Well they should: there were 60,000 stay-at-home dads in Canada in 2011, accounting for one out of every eight stay-at-home parents. That number has tripled since the 1970s. Advertisers can’t afford to ignore them, or the large numbers of men who are taking a more active role in child care.
It has been a bumpy road for some companies trying to make the change. In March, Kimberly-Clark Corp. found itself in hot water when it created an ad for Huggies diapers that it thought would speak to men. Instead, both men and women decried the tone of the TV spot: It purported to prove the diapers “can handle anything,” including “the ultimate test – dads. Alone with their babies.” The original ad capped off with an exhortation to “grab a dad and see for yourself” how strong the diapers are.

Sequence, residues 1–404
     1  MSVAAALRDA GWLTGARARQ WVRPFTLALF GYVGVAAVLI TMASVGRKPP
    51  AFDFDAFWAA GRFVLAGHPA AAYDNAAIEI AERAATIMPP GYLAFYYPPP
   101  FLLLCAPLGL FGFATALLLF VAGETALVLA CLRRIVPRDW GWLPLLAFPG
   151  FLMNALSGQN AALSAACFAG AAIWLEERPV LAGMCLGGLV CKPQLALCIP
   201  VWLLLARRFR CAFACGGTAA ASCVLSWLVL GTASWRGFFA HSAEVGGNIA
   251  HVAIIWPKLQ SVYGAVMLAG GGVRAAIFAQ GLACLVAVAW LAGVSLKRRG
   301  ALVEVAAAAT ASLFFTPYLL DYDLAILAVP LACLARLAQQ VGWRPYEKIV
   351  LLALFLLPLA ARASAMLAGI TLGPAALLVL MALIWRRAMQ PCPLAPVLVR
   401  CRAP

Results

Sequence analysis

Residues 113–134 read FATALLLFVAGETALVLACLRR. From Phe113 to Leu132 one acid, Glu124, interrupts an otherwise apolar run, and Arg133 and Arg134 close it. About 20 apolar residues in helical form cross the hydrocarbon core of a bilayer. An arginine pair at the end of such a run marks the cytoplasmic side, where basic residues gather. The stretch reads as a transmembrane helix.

More interesting than the controversy, however, was the company’s fast response: It flew representatives to the Dad 2.0 social-media conference in Texas, to speak to attendees about the blowback and ask for input. A month after the original advertisement aired, Huggies had rejigged it with new copy emphasizing that it had “asked real dads to put [the diapers]to the test.”
“They’ve convinced me, at least, that their brand people are aware, and trying to change,” said Chris Routly, a Canadian stay-at-home dad living in Pennsylvania, who started a petition against the ad on Change.org. It attracted 1,300 signatures, but after the company approached him to talk about his objections, he took it down. He was pleased to see the new version of the ad.